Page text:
Paper & powder resist techniques using printing inks.
I tried a range of samples on different fabrics and have detailed each below with progress photos. Most pictures were taken whilst the fabrics were still on the work surface, hence the slightly skewed shapes.
Plain white cotton fabric. Paper strips – from the shredder – as a resist on the screen. From top left: 1. first yellow print – 2. second yellow print – 3. new arrangement of shredded paper overprinting the first layer in pink – 4. the same as 3 but with an additional red print over the previous two layers.
At this stage I hadn’t learned how to reposition the screen for further print layers very well. I understand this is called the registration.
Plain white cotton fabric. Left: Mid blue ink with white to lighten. Although all the inks were bought at the same time the white has thickened a lot and it was difficult to mix. On each sample it was very hard to print a solid colour as the white had a drying effect on the blue it was mixed with so it dragged and left tiny, tiny flecks of paint at the front edge. The more I tried the worse it got so I cut my losses and stopped. Right: Cut photocopy paper stencils (positive image) used as a resist when applying a second layer of colour.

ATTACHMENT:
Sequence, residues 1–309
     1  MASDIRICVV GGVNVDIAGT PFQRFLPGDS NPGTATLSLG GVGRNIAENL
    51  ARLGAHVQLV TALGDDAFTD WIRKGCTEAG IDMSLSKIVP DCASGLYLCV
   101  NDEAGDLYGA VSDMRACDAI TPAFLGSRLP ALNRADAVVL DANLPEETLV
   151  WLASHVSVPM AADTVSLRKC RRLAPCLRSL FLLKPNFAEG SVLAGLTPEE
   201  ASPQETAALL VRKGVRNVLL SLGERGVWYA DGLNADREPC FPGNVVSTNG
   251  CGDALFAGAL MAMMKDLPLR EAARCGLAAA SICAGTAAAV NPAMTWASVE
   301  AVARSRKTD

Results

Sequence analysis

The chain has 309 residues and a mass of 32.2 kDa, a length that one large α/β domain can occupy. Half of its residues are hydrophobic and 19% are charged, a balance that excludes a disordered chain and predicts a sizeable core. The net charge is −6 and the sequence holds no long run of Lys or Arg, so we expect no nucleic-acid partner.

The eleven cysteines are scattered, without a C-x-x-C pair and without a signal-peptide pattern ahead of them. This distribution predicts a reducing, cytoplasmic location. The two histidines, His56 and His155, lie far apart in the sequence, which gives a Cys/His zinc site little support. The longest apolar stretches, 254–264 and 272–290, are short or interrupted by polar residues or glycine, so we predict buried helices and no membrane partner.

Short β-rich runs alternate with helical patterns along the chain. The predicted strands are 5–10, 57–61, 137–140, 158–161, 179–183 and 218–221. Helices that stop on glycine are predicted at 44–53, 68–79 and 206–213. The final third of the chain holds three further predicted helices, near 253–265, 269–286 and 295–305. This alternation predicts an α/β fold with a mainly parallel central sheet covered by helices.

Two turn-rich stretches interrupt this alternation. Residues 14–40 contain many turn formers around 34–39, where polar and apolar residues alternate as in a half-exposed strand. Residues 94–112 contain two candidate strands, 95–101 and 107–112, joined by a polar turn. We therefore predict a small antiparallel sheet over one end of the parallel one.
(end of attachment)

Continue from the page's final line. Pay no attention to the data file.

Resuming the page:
Left: the negative image of the previous stencil, i.e. the remainder of the paper once the image has been removed, was taped to the base of the screen to add the purple layer. This was repositioned to create the partial prints on the edge of the piece. To soften this surface image, to integrate them into the background more, I pressed a textured paper hand towel over the surface which lightened the print and gave the purple images a less solid appearance with ‘bobbles’. It can just be seen in the photo. This negative image was created using a type of plastic paper, similar to freezer paper, which can be washed and reused as opposed to the paper cutouts above which had to be discarded. Right: only two printed layers but with the addition of purple as my first trial in colour mixing. Here I’m starting to get the hang of the quantity of paint and the pull position as I’ve achieved a much crisper image and the registration is quite accurate.
Purple was created with mid blue and brilliant pink.
Calico. A solid yellow base was printed. Powder was shaken on to paper, the screen placed on top and an orange print was taken. The powder adhered to the screen forming a resist and this was then printed over the yellow. I did not add more paint for the second fabric print so as to see the orange fading out with more of the under layer showing. It was a good experiment to see how far paint goes and what effects can be produced. You can see the whole effect is lighter than the sample on the left.